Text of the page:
From what I've figured

(a) converting mathematical theorems and proofs from English to formal logic is a straightforward job for mathematicians with sufficient background, except that it takes time.

(b) once converted to formal logic, computer verification of the proof becomes straightforward.

If we can automate (a), a lot of time and intellectual labour (that could be dedicated elsewhere) is saved in doing (b) on published research papers.

Note that if solving (a) in its entirety is hard, we could expect the mathematicians to meet the computer system halfway and avoid writing lengthy English paras that are hard to convert. If it becomes doable enough, submitting a formal logical version of your paper could even become a standard procedure that is expected.

Additional benefit of solving (a) would be to do the process in reverse: mathematicians could delegate smaller tasks and lemmas (both trivial and non-trivial tasks) to an automated theorem prover (ATP). Assisted theorem proving will become more popular and boost productivity, maybe even surprise us once in a while by coming up with proofs that the paper writer couldn't. This is further of value if we predict a sharp upward trajectory of the capability of ATPs in the future. If anything, this could be self-fulfilling, as the demonstration of potential for good ATPs combined by a large corpus of proofs and problems in formal logical format could drive an increase in research on ATPs.

Forgive me if I sound like a salesman, but how doable is this? What will be the main challenges faced in developing NLP-based AI to convert papers, and how tractable are these challenges given today's state of the field?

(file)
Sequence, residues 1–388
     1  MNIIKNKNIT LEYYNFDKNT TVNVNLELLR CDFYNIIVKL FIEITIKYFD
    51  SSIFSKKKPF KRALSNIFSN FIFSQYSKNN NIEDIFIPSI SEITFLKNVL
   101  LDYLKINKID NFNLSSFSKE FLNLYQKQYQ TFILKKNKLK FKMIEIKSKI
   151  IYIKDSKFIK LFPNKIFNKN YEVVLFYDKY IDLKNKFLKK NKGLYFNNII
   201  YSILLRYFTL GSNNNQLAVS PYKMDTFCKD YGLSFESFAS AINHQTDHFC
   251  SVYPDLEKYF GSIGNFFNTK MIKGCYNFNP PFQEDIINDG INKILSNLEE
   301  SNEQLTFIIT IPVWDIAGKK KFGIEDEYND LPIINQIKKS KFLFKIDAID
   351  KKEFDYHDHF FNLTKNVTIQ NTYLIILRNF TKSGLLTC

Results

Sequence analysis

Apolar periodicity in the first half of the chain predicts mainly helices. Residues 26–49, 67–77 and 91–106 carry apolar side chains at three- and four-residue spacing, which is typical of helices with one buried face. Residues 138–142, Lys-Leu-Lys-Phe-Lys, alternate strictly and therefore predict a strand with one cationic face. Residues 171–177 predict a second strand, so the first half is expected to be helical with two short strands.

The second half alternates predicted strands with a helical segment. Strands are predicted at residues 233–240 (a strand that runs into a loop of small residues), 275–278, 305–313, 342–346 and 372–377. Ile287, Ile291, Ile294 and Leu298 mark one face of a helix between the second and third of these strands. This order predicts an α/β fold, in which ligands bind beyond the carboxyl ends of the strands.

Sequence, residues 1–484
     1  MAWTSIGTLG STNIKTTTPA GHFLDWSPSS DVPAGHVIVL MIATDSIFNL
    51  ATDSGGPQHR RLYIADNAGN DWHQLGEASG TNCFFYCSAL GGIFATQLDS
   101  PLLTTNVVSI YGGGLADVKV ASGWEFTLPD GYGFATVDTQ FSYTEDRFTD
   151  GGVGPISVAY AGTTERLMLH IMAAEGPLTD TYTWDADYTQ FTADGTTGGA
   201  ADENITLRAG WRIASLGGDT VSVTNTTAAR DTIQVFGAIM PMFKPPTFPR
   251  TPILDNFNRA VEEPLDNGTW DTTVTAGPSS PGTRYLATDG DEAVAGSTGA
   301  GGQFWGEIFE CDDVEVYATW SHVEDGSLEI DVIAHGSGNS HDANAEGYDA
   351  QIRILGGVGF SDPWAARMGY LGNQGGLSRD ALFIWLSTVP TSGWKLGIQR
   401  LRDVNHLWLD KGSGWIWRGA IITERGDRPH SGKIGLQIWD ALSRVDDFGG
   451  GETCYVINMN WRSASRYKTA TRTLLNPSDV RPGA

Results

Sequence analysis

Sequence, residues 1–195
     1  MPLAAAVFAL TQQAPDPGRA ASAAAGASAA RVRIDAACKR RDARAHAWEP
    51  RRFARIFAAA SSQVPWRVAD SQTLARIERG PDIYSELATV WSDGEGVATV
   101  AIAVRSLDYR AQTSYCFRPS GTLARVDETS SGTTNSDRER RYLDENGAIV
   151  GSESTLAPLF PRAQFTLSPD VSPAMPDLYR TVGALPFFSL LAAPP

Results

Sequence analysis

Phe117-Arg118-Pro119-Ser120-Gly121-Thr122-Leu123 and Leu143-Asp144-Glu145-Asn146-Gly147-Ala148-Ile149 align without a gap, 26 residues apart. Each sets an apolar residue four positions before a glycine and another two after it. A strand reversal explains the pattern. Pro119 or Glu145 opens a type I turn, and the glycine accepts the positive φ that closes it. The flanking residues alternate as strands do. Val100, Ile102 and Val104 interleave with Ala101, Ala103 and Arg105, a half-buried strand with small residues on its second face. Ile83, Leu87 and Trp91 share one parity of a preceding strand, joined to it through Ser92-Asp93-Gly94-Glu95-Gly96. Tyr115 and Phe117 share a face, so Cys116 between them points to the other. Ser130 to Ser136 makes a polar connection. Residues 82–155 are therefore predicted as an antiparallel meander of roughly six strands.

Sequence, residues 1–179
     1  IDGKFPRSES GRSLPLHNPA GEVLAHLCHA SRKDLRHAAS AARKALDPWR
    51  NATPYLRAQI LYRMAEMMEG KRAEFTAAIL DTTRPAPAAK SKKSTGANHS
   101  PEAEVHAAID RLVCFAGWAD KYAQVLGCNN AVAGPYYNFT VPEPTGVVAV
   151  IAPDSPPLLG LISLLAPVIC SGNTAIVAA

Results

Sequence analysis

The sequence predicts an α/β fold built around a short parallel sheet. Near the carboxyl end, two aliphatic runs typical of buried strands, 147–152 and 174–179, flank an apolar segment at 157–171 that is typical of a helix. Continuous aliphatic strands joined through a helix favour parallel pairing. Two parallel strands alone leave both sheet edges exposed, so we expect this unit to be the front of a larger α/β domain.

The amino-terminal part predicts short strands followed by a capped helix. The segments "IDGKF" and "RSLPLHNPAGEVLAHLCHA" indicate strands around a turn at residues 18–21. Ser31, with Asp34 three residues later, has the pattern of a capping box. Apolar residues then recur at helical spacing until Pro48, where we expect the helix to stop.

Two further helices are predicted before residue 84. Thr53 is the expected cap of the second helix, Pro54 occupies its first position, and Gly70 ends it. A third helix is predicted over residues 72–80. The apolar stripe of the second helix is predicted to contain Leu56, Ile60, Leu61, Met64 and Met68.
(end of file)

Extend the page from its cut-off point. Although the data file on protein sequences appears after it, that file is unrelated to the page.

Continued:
P.s. I understand that proofs generated by ATPs are often hard to understand intuitively and can end up proving results without clearly exposing the underlying proof method used. But it is still a benefit to be able to use the final results


1 Answer 1


I can see several challenges, and the list below is not exhaustive:

i. The main problem is how to model a problem of translating a language test into a formal language. It will probably be something like the automatic translators, but with some guarantees that the proof semantics will be preserved. If you are more interested in this path, I recommend researching what PAC, Information Theory, Computational Proof theory, Complexity theory can contribute to this modeling.

ii. Another problem is how to get the data reliable. You commented that as people used it they would generate this data. But the problem is not just collecting the data. How much you will trust the data and how you will measure the model's performance in translation.

iii. Another problem is more humane, how do you get mathematicians to use such a system? And how to make the model self-explainable.

I believe that this is one of the most difficult problems in machine learning. I once saw this video a while ago and I don't know if it can help anything. I also recommend the stack exchange of theoretical computer science, there you will probably have a more complete answer.


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